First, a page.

Sisterson, D. M., L. Antilla, Y. Carrière, C. Ellers-Kirk and B. E. Tabashnik (2004). Effect of insect population size on evolution of resistance to transgenic crops. J. Econ. Entomol. 97: 1413-1424.

Smyth, S., G. G. Khachatourians and P. W. B. Phillips (2002). Liabilities and economics of transgenic crops. Nat. Biotechnol. 20: 537-541.

Umbeck, P. F., K. A. Barton, E. V. Nordheim, J. C. McCarty, W. L. Parrott and J. N. Jenkins (1991). Degree of pollen dispersal by insects from a field test of genetically engineered cotton. J. Econ. Entomol. 84(6): 1943-1950.

U.S. Environmental Protection Agency (2006). Introduction to biotechnology regulation for pesticides. Accessed 1/7/07.

Vermij, P. (2006). Liberty Link rice raises specter of tightened regulations. Nat. Biotechnol. 24: 1301-1302.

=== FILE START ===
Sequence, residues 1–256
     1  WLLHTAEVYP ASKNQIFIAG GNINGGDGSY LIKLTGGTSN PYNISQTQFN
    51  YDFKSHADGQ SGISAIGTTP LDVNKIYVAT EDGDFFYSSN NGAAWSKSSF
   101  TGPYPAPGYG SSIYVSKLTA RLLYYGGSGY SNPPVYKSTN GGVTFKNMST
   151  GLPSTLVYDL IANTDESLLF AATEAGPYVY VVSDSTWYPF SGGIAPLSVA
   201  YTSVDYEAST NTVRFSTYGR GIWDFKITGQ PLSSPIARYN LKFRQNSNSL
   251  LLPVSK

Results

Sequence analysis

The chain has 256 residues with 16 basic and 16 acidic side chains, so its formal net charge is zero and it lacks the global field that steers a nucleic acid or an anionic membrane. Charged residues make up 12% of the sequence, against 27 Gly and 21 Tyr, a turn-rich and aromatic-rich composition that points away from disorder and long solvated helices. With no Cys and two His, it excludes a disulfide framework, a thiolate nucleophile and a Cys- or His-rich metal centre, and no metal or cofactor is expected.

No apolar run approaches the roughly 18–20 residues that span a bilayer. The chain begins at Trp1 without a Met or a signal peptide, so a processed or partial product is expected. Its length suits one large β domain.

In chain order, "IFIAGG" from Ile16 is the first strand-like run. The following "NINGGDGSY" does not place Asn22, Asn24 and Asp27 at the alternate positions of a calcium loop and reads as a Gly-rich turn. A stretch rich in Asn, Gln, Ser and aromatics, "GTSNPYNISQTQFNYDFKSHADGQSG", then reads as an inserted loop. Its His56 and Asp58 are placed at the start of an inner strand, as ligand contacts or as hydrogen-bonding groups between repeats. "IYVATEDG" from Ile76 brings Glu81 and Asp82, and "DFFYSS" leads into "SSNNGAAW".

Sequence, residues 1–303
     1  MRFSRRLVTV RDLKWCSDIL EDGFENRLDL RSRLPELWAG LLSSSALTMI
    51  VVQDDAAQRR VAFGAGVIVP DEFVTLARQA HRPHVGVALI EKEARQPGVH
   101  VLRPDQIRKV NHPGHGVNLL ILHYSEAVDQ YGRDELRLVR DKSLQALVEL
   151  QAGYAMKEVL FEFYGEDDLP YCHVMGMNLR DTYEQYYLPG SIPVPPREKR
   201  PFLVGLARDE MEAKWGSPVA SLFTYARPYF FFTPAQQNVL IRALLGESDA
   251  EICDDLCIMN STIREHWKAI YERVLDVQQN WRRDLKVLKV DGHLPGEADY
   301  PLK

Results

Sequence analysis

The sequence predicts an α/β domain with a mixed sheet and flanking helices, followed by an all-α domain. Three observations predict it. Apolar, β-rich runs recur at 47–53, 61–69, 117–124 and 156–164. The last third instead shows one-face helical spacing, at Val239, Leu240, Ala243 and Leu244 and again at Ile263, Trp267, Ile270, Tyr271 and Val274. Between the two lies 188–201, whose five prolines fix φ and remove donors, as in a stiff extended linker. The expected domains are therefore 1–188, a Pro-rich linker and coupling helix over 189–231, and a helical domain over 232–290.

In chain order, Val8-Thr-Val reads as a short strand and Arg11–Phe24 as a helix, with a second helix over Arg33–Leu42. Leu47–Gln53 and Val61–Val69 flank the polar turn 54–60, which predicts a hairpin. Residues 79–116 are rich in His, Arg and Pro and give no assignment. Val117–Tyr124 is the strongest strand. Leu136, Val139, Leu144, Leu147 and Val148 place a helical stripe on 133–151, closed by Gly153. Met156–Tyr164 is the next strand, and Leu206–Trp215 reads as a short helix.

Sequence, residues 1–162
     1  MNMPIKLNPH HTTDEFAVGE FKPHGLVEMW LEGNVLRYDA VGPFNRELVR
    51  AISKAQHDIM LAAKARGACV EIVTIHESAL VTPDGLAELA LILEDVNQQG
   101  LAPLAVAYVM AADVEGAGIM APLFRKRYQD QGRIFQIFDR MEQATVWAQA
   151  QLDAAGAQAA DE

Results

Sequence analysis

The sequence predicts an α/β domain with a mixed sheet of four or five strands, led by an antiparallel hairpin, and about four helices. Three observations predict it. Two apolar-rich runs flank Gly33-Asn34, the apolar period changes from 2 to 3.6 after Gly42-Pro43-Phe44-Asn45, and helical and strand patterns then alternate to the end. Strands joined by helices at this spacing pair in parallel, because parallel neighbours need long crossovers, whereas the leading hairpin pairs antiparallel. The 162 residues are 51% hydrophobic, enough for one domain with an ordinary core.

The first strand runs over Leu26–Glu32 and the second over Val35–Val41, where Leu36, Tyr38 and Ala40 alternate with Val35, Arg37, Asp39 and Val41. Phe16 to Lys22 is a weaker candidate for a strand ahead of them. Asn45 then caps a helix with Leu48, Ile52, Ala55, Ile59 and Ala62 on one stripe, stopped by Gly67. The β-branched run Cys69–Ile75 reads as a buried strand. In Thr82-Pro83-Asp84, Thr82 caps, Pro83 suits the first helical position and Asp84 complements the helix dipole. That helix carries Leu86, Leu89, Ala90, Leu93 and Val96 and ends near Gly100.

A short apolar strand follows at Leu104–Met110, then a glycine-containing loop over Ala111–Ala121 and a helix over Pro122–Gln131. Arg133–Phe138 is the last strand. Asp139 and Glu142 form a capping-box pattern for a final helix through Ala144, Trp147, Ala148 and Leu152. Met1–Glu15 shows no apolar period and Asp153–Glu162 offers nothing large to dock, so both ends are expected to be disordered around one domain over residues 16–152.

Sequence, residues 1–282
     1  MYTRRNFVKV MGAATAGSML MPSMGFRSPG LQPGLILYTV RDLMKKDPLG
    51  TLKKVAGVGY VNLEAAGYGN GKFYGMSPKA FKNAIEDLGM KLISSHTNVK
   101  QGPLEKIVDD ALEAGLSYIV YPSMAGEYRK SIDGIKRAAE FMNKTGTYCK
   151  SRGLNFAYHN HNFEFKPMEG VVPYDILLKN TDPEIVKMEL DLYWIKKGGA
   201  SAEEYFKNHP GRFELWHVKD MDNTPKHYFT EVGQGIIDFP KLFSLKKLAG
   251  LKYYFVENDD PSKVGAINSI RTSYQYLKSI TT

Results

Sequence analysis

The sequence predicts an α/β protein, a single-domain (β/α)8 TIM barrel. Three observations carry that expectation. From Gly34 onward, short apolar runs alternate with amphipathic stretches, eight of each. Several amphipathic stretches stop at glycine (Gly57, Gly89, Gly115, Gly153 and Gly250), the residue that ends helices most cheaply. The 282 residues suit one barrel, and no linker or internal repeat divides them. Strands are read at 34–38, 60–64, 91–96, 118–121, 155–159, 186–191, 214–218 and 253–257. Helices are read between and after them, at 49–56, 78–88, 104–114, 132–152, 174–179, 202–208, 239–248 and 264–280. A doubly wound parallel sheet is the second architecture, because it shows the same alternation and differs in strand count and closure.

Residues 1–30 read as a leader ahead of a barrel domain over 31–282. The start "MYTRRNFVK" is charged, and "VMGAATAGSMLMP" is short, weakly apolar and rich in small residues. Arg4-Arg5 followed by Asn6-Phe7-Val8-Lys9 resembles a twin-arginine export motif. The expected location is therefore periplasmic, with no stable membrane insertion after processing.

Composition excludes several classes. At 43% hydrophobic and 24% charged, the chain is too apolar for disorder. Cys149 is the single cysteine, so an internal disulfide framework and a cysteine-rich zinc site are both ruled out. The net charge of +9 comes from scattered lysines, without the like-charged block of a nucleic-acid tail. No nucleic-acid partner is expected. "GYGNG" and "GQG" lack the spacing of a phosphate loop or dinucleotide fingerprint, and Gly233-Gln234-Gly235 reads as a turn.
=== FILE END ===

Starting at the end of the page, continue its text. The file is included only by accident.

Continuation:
Vogel, G. (2006). Tracing the transatlantic spread of GM rice. Science 313: 1714.

Zhang, B., T. Guo and Q. Wang (2000). Inheritance and segregation of exogenous genes in transgenic cotton. J. Genet. 79: 71-75.

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Participation Summary

Research Outcomes

No research outcomes

Education and Outreach

Participation Summary:

Education and outreach methods and analyses:

We have prepared a draft of a newsletter that will be distributed within the next few months. We are waiting for it to be reviewed by a few more colleagues for their feedback before distributing it to a broader list of growers, extension agents, and seed production professionals. We are also currently preparing a manuscript that we plan to submit to a peer reviewed journal. Before we submit the manuscript, we plan to perform spatially explicit analyses using our GIS maps of the fields. Please refer to our previous publications (Heuberger et al. 2008 a,b) for a description of our previous research that led to the development of this project.

Any opinions, findings, conclusions, or recommendations expressed in this publication are those of the author(s) and do not necessarily reflect the view of the U.S. Department of Agriculture or SARE.